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Lichen planopilaris epidemiology: a retrospective study of 80 cases.

Soares VC, Mulinari-Brenner F, Souza TE - An Bras Dermatol (2015)

Bottom Line: Prototype II was seen in 53 (66,25%) patients.Frontal fibrosing alopecia was seen in 31% of the patients and only one patient presented Graham-Little Piccardi-Lassueur Syndrome (GLPLS).Scalp lesions were scattered throughout the scalp in 47 (58,75%) of the patients, while 24 (30%) presented mainly central scalp lesions, 29 (36,25%) presented marginal lesions and only 4 (5%) patents had vertex lesions.

View Article: PubMed Central - PubMed

Affiliation: Universidade Federal do ParanĂ¡, Curitiba, PR, Brazil.

ABSTRACT

Unlabelled: Abstract

Background: Lichen planopilaris is a frequent presentation of primary cicatricial alopecia. Scalp distribution characterizes the main clinical presentations: classic lichen planopilaris, frontal fibrosing alopecia and Graham-Little Piccardi-Lassueur Syndrome (GLPLS).

Objective: Description of the clinical, dermoscopic and histopathological findings of Lichen planopilaris in public and private practices.

Method: A retrospective observational study was performed by reviewing medical records of patients with lichen planopilaris.

Results: Eighty patients were included, 73 (91,25%) were female. Prototype II was seen in 53 (66,25%) patients. Classic lichen planopilaris was seen in 62,5% of the cases. Frontal fibrosing alopecia was seen in 31% of the patients and only one patient presented Graham-Little Piccardi-Lassueur Syndrome (GLPLS). Scalp lesions were scattered throughout the scalp in 47 (58,75%) of the patients, while 24 (30%) presented mainly central scalp lesions, 29 (36,25%) presented marginal lesions and only 4 (5%) patents had vertex lesions.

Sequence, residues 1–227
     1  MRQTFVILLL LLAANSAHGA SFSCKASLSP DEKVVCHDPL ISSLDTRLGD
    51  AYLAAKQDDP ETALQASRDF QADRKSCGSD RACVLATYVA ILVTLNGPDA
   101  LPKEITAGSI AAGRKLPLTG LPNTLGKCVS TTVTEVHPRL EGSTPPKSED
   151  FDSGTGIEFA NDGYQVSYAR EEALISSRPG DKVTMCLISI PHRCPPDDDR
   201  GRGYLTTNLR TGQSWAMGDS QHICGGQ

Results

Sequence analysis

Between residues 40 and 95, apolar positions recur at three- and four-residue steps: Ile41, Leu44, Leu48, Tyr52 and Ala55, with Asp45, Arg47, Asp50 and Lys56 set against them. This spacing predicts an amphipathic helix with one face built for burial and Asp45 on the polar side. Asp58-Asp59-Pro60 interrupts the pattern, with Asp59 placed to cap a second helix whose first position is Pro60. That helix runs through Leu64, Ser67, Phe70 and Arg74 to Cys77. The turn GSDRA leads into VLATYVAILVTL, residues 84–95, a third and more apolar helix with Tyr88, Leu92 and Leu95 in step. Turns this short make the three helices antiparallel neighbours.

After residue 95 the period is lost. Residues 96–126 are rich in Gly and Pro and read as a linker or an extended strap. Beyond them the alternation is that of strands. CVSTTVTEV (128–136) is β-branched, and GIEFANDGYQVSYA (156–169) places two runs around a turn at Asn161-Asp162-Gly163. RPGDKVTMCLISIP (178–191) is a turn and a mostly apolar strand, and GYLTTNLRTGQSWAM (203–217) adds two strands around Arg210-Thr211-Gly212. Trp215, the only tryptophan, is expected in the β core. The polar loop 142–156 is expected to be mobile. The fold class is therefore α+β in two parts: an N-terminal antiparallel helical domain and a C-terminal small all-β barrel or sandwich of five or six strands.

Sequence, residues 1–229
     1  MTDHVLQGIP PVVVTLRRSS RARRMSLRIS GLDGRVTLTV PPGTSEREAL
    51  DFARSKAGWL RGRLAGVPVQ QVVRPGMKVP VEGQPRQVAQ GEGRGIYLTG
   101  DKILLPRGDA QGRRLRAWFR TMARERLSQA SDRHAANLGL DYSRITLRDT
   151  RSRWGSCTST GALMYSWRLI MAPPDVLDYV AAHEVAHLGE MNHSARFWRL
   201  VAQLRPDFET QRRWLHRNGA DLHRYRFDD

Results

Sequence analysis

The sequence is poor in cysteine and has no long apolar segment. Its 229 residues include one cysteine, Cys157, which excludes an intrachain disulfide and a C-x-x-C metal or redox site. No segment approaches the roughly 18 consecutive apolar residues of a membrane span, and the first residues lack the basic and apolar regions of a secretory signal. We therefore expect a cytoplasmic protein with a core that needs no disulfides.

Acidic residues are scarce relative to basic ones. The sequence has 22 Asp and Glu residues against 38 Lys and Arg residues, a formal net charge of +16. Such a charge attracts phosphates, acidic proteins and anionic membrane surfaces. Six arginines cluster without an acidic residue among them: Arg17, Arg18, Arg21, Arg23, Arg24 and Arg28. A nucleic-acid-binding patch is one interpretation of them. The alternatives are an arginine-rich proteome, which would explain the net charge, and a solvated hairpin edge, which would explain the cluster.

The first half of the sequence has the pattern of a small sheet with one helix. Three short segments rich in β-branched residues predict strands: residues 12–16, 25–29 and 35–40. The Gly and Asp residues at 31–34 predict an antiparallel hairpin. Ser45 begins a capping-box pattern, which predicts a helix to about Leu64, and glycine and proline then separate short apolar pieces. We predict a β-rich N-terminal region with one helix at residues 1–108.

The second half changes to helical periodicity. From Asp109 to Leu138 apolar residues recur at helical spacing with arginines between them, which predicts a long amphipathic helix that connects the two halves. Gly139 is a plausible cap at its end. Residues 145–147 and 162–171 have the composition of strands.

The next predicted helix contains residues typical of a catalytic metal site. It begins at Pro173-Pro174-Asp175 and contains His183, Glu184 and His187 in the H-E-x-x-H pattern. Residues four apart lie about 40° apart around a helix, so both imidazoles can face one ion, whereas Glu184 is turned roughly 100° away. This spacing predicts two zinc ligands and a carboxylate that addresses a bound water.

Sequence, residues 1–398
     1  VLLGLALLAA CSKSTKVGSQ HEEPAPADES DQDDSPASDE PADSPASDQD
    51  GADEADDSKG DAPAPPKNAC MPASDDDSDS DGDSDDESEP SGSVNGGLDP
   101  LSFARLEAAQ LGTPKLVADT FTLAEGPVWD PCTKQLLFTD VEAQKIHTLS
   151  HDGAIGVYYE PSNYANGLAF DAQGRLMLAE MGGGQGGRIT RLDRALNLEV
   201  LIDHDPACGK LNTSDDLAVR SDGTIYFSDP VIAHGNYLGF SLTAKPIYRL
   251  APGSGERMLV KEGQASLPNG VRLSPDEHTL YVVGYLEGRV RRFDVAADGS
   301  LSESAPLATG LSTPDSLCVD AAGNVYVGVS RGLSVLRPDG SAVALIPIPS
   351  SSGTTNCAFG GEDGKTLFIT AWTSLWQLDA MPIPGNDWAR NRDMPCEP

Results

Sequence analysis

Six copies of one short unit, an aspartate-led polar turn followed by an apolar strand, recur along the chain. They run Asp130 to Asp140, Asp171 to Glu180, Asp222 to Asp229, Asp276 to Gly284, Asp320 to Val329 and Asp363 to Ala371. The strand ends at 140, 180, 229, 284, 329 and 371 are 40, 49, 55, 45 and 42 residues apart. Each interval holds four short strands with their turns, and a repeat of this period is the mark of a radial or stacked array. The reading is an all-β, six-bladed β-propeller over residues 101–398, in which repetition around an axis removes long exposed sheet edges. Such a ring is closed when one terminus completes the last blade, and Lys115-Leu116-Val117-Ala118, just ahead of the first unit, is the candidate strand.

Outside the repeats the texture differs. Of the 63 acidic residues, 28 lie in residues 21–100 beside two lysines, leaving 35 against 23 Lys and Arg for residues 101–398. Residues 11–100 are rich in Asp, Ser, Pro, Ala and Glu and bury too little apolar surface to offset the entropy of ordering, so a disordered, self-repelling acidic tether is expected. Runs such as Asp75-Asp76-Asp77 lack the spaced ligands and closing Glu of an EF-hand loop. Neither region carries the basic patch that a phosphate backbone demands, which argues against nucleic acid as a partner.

Conclusions: Clinical presentation of Lichen planopilaris varies. To recognize the heterogeneity of the clinical appearance in lichen planopilaris is important for differential diagnosis.

No MeSH data available.


Related in: MedlinePlus

Patient with fibrosing alopecia in a pattern distribution showing confluentalopecia plaques in the central region of the scalp
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f03: Patient with fibrosing alopecia in a pattern distribution showing confluentalopecia plaques in the central region of the scalp

Mentions: In the classic LPP group it was possible to characterize 2 distinct clinical features.One group with confluent random plaques distributed throughout the scalp and other withconfluent plaques in the central region of the scalp, clinically similar to male patternor female pattern androgenetic alopecia, what is called fibrosing alopecia in a patterndistribution (FAPD). This variant has increasingly been described as a variation of LPP;although clinically similar to male pattern or female pattern androgenetic alopecia, theperifollicular linchenoid inflammatory process histologically characterizes this entity(Figure 3).7 Both in FFA as in FAPD the trigger for lichenoid process seems tobe associated with the miniaturization of the follicles.1